Jan 24, 16, 02:28 PM #1
Remington 783, Marlin X7, T/C VentureI'm looking for a budget rifle for one of my kids. I want something that functions well with decent accuracy, but won't break the bank if it gets damaged, etc.
I've heard good things about T/C Venture, with their MOA out of the box guarantee. I also remembered reading some really good reviews on the Remington 783 when it first came out.
Anybody have an opinion on any of the above, or something else?
I do not want another Savage Axis like he has now.
Cabela's has a scoped Remington 783 for sale right now (full size or compact model) at $339 and Remington has a $40 mail in rebate bringing that total to $299, which is hard to pass up even if I put a different scope on it.Advertisement
Jan 24, 16, 03:06 PM #2If your looking for the best deal I would go with the Remington. IMO, the Thompson Center is probably the best gun of the three, but I imagine you are going to pay a lot more for it. The T/C has an adjustable trigger and most calibers are offered in 22 and 24" barrels. Most of Remington's offerings are strictly 22" barrels I believe.
Jan 24, 16, 05:38 PM #3All things equal, I'd go with the TC. I have one in .270. Like it. Don't hunt with it much because I have others but it's dead nuts on at 200. On the lead sled, I can cut the same hole at 200 with the Hornadys I shoot out of it.
Jan 24, 16, 06:21 PM #4I like that I can get the Venture in 7mm-08, which isn't available in the Remmy and it comes in a compact version.
I'm glad you posted @spindoc I was hoping somebody who owned one or the other would check in.
You can throw Ruger American in this group too, I guess.
Jan 24, 16, 06:33 PM #5
Jan 24, 16, 07:25 PM #6He's only in the 7th grade
Jan 24, 16, 07:27 PM #7
Either way, I like @spindoc's idea of going with the Thompson Center. I'm more familiar with their muzzleloaders but they make a quality product.
Jan 24, 16, 07:41 PM #8
Feb 1, 17, 12:54 PM #9I should have updated this thread sooner.
After a lot of deliberation, I ended up changing my plan for this purchase. Instead of a budget rifle, we went with a Winchester Model 70 Featherweight in .308. The idea here is he has a nice rifle that he can keep for a lifetime. The ammo for .308 is so widely available and relatively cheap that he can shoot it all he wants.
The M70 is a proven rifle, accurate and dependable. It just has a classic look and feel to it that takes you back to the days gone by. This really is your grandfathers deer rifle, with some modern upgrades. I really like the action and the trigger. Plus it has a pre-64 controlled feed / claw extractor that is rock solid. We put a Leupold VX2 that we already had on top of it and it is a tack driver. He loves it and is really comfortable shooting it, which is worth the weight in gold IMO.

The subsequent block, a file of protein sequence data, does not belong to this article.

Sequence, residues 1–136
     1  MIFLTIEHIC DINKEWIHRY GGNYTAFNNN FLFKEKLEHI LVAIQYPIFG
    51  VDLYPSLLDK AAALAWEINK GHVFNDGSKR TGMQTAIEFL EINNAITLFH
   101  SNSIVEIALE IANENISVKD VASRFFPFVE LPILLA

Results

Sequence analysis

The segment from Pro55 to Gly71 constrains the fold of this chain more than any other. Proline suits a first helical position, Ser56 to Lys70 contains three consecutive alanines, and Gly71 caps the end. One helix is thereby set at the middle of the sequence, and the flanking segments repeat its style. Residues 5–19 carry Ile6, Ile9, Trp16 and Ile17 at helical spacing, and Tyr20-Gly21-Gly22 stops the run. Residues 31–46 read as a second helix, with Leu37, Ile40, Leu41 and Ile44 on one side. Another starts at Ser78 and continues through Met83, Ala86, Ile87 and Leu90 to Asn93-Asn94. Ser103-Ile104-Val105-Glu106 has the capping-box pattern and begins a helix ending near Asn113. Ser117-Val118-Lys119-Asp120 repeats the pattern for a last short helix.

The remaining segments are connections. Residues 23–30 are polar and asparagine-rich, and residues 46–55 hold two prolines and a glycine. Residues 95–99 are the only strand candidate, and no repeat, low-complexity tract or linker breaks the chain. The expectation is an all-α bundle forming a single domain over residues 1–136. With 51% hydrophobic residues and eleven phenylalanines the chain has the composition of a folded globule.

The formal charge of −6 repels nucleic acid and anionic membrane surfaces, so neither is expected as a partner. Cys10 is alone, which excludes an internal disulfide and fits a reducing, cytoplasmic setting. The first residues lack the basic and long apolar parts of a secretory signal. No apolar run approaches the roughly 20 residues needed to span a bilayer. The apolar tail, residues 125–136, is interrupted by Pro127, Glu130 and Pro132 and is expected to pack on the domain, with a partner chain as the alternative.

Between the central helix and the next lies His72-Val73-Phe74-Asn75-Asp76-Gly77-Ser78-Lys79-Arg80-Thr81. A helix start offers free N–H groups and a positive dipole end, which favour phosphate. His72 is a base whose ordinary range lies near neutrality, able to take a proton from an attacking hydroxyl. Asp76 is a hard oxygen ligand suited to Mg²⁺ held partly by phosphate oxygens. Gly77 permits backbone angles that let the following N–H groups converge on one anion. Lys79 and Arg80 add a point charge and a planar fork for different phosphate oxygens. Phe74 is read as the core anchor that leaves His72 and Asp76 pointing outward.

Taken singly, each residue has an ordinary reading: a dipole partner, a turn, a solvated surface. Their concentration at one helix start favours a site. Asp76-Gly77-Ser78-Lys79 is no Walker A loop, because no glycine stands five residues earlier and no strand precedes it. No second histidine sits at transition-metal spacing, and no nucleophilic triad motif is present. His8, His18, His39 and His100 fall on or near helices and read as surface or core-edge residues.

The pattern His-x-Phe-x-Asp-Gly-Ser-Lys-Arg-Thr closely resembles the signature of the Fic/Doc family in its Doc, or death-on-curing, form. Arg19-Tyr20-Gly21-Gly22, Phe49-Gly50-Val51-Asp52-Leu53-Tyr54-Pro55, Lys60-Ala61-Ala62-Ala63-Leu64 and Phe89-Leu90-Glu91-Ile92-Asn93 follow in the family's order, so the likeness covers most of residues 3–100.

All in all, I am so glad we went this route. It was a bit more investment than I had planned, but in the long run I think it was the right move.
Feb 1, 17, 01:02 PM #10
Feb 1, 17, 02:40 PM #11
Feb 1, 17, 02:44 PM #12The only bolt-actions I've really had a chance to put enough rounds through enough to have an educated opinion are the Ruger American, Remington 700, and Browning A-Bolt. Aside from those three, I've fired the Remington 710, Remington 783, some useless hunk of scrap made by Savage, and various pre-1980 rifles that you're not going to readily find.
Of the ones you mentioned, I can tell you that the trigger on the 783 is pretty amazing. The guide on my elk hunt had one, and he had me dry-fire it to get a sense on how nice it is. He said he has two different 700s that he'd hunted with for years, and then a friend let him try out the 783 and he ended up buying one for himself a week later, and he hasn't picked the 700s back up since. I was definitely a fan of the trigger, and the bolt was plenty smooth. If those were any indicators of how the gun shoots overall, I think I'd have a hard time not heading out to buy a 783.
I don't think you could go wrong with a Ruger American either. I've shot it in 30-06, .308, .270 and .243 and they were all great as deer rifles.
I don't know a thing about the Marlin X7. As for the T/C, I've never shot it, but I've been told they're as reliable as they come.
Feb 1, 17, 02:54 PM #13
I would have definitely gone with the .308 as well. That's what my 700 is chambered for, and I bought it that way for the same reason you did.
Feb 2, 17, 07:53 AM #14I've adjusted all the triggers on my 700s. It's really easy. Out of the box they have too much travel and the tension sucks. I have mine around 3.5lbs with less travel. I put a timney in the .270 I built. Not sure I like it much better than the ones I simply adjusted. The Rem action is clunky. It's not like the Sako or the Cooper. But for the price, and if you have terrific optics, you can't beat them.
Feb 8, 17, 07:03 AM #15FYI, Cabela's has their Weatherby Vanguard Series 2 rifles right now at an incredible discount. Normally $549, on sale now for $329. Bud's cash price is $492.
Looks like they only have .270 and .223 available and stock is limited but they do free ship to store.
This rifle gets really nice reviews and was my son's 2nd choice when he was shopping. It is kind of hefty for a synthetic rifle, but I find that to be a plus. The S2 I looked at had a nice adjustable trigger that was crisp with no creeping. The finish is a matte finish, and is not nice like the Deluxe or even Sporter model, but the best thing about this one is the accuracy, and the reviews bear this out. And for that price, this would be one hell of a field gun.